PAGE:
These attitudes are not coming from a place of concern, but from a place of unwarranted fear. The United States is no stranger to this fear; since 9/11, the U.S. has experienced a wave of Islamophobia that has culminated in various acts of violence against Muslims. Despite the constant condemnation of extremist sects of their religion, the over 2 million Muslims living  in America are often regarded with suspicion and outright hatred. The NYPD even spied on Muslim neighborhoods for six years, looking for signs of terrorism and reinforcing the rhetoric that the religion itself is a threat, not simply those who take its teachings and twist them to support violence. The mistrust of Islam is demonstrated every day in the United States, in movies like American Sniper, in the presidential race by candidates like Ben Carson, and the anti-immigration policies of Donald Trump; in the narratives and coverage of ISIS that treat its actions as a reflection of Islam itself, rather than that of a small and subversive minority. To be a Muslim in America is to be treated with suspicion and disrespect. This affects the reception of refugees from the Middle East that desperately need aid and asylum from the United States. Republican Congressmen Michael McCaul and Peter King recently wrote a letter to Susan Rice, National Security Advisor, expressing the belief that accepting refugees into the U.S. would only invite ISIS into the country. This is a belief echoed by many people in the West and is dangerous to the humanitarian effort to resettle those fleeing from Syria.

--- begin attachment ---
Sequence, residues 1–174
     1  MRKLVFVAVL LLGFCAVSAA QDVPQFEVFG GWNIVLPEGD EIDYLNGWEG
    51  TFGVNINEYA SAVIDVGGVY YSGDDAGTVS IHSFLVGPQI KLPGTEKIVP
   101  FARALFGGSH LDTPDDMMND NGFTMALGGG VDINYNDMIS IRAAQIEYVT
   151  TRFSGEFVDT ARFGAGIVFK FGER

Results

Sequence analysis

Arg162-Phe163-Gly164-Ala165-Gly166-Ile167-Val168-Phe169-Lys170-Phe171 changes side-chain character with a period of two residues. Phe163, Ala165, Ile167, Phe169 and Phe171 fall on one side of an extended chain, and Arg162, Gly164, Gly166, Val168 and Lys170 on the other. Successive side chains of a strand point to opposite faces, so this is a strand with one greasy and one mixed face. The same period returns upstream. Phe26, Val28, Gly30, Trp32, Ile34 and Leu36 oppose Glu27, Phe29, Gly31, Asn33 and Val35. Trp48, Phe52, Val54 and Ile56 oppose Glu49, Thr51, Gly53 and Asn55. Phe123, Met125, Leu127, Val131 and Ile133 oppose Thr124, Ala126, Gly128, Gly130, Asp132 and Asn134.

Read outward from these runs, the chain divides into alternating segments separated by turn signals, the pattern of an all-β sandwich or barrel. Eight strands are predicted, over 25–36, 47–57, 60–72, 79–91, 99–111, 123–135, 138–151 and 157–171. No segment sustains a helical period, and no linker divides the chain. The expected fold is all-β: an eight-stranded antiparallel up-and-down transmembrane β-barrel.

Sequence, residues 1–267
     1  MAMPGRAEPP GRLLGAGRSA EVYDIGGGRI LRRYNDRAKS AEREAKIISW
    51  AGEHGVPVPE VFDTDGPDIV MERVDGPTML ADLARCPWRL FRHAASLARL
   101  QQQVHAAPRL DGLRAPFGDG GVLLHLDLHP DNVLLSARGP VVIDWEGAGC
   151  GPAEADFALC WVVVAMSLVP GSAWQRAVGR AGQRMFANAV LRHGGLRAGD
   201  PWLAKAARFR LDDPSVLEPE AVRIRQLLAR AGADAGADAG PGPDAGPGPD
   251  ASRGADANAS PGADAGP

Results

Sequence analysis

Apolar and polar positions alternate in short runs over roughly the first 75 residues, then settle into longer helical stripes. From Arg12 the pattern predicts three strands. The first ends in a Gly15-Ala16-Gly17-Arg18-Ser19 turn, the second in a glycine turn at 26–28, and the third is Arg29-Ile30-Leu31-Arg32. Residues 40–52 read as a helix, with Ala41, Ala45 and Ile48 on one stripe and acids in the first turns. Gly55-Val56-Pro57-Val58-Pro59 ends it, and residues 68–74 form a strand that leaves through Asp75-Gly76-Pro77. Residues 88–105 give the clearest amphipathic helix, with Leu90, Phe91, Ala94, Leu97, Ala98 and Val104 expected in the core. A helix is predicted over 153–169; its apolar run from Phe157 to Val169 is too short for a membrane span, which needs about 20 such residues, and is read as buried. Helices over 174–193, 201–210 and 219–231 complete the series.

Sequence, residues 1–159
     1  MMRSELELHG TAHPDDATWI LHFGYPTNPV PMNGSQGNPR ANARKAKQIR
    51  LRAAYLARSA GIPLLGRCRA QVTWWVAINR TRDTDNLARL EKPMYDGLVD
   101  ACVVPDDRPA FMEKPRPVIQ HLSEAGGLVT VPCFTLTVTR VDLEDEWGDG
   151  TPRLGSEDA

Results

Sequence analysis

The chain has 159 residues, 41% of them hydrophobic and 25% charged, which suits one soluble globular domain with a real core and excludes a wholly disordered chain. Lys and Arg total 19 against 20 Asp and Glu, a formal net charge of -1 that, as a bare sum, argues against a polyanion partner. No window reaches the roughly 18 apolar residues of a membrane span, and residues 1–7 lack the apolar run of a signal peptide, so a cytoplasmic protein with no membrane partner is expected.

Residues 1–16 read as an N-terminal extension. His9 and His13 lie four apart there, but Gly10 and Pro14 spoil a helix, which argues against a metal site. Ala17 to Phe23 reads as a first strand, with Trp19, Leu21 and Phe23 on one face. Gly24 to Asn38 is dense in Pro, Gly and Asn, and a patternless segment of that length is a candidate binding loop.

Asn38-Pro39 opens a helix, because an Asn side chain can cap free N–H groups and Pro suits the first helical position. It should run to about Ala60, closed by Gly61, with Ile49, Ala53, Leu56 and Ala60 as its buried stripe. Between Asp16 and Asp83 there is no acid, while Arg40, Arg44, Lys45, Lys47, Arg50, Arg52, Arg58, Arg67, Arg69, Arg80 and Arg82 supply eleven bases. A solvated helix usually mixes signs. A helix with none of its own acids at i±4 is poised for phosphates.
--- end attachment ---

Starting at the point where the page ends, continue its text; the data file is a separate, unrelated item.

The issue of Islamophobia is, fundamentally, an issue of education. The notion that Islam promotes violence is misguided and comes from a refusal to separate the minority of extremists from the overwhelming majority of those who are left with the burden of apologizing for their religion and culture. Fear is a normal response to change and tragedy, but the time for fear has passed-- it now is simply perpetuating an international crisis.

- Alexie Schwarz